A San Joaquin Valley groundwater agency may be “going rogue” on the issue of whether it’s responsible to protect all drinking water wells.
A letter approved by the board of the Kings River East Groundwater Sustainability Agency (GSA), which covers eastern Fresno County and a chunk of northern Tulare County, says that it is “unreasonable” for the state to require the agricultural industry to raise groundwater levels enough to protect even the most shallow domestic well.
The state’s 2014 Sustainable Groundwater Management Act (SGMA) created GSAs in order to bring overpumped aquifers into balance by 2040. Groundwater has been overpumped to support the valley’s ag industry for decades resulting in subsidence, damage to infrastructure and domestic wells going dry. Within the past 365 days, 604 domestic wells have been reported as going dry, according to a statewide reporting website.
So far, every San Joaquin Valley groundwater sustainability plan has been rejected by the state Department of Water Resources (DWR), the agency overseeing the groundwater law. GSAs have until late July to address the state’s concerns and submit revised plans.
DWR rejected the Kings Subbasin, which includes the Kings River East GSA, groundwater sustainability plan in January.
One of the state’s biggest concerns was that the plan didn’t explain how it would protect community drinking water wells from being harmed by agricultural over pumping.
The Kings River East GSA’s letter calls that requirement “unreasonable.”
“It is significant and unreasonable to the agricultural industry as a whole to be responsible for raising the groundwater levels enough for every domestic well (no matter how shallowly drilled) and it is significant and unreasonable for the GSAs and their landowners to pay for any and every shallow well that goes dry,” the letter reads.
It states that DWR has “verbally implied” that any single well going dry is unreasonable. Further, the GSA letter states, “we understand that DWR has indicated it is not likely to approve the Kings Subbasin GSPs unless they also adopt a domestic well mitigation program,” something the GSA says is not required under SGMA.
“If you are of a different understanding regarding a GSA’s purported responsibility over rural residential wells, we request you identify in SGMA the statutory requirement for such responsibility,” the letter ends.
Protecting drinking water is a “no brainer” under SGMA, said Susana De Anda, executive director and co-founder of nonprofit Community Water Center.
“When you’re already saying that the groundwater sustainability plans should not include that (domestic well mitigation), we’re just wasting our time,” said Susana De Anda, executive director and co-founder of nonprofit Community Water Center. “If we as humans live in this community we also deserve to have access to running water. That’s all we’re asking for. And these plans need to reflect that right now.”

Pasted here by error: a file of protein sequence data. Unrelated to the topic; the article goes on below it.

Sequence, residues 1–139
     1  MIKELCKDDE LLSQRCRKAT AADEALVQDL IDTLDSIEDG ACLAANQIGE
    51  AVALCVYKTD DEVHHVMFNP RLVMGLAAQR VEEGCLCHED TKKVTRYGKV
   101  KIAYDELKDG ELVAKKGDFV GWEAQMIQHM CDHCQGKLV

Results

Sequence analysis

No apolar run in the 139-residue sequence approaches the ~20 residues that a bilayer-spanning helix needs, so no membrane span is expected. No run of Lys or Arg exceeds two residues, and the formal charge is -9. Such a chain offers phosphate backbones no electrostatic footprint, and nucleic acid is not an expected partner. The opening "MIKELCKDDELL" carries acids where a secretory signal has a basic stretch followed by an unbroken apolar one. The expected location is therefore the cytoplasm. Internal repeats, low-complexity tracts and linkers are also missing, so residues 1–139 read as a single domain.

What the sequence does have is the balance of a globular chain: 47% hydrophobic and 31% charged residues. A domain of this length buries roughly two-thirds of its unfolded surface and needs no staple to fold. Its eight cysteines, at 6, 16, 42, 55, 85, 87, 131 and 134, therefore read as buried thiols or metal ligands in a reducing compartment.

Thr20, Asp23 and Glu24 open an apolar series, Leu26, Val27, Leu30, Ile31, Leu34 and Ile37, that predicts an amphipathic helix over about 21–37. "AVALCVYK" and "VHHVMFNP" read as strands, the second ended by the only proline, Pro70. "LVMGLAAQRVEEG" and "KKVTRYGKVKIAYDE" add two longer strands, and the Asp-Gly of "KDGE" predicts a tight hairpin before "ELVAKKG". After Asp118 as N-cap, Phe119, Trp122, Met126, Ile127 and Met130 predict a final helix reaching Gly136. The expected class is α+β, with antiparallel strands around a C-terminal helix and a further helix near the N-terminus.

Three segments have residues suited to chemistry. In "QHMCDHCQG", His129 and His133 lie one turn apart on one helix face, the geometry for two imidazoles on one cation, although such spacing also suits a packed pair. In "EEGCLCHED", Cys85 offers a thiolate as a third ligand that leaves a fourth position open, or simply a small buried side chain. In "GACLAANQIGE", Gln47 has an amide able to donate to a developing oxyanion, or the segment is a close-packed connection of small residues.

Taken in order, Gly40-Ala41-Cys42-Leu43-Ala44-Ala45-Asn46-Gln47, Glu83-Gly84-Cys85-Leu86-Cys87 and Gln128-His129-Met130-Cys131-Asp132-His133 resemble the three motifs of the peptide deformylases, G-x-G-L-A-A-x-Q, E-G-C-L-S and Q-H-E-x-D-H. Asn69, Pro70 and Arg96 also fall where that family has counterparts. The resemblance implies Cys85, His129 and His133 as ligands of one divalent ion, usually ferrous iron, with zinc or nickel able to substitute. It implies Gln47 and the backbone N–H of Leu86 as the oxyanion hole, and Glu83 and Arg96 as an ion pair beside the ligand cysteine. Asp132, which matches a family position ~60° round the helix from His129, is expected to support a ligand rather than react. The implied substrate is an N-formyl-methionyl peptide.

De Anda said it’s clear the letter is claiming it’s not the GSA’s responsibility to protect domestic wells and DWR has no authority to force it. She hopes DWR will reject plans that forgo domestic well protections.
If DWR does reject resubmitted plans in July, GSAs could lose local control of groundwater management to the state. It’s a possibility some GSA representatives are concerned about.
“I want us to also be careful at the way that we work with the state,” said Eddie Valero, Tulare County supervisor and a board member of the Kings River East GSA.
Valero is concerned about his GSA colleagues “going rogue” on the issue of domestic well mitigation. He worries it could lead to another rejection by the state and ultimately, a loss of control in the groundwater management process.
“I just want to make sure we’re all on the same page, that we do not become a spotlight to the state in a negative way and just to make sure that we’re doing this judiciously, arduously, in a way that’s going to help our county and GSAs move forward and not work against.”
Domestic well mitigation programs are not required by SGMA, said Paul Gosselin, deputy director of SGMA for DWR. However, domestic wells going dry was one of the underpinning reasons for the creation of SGMA and GSAs are required to address all groundwater users, he added.
“They are basically stewards of sustainability for all the groundwater uses and users in the basin, not just domestic wells but ag wells, groundwater dependent ecosystems and the like,” said Gosselin.
DWR has not received the letter from the Kings River East GSA yet, according to a spokesperson from DWR.
After a vote at the May 18 Kings River East GSA board meeting, the letter was sent to other Kings subbasin GSAs for approval, said Tulare County’s Valero.
Chad Wegley, general manager of the Kings River East GSA, did not respond to multiple requests for comment.
“We need to prioritize those of us that rely on groundwater instead of picking this fight and losing local control and having the state come in and tell you what to do,” said Community Water Center’s De Anda. “So let’s do this right.”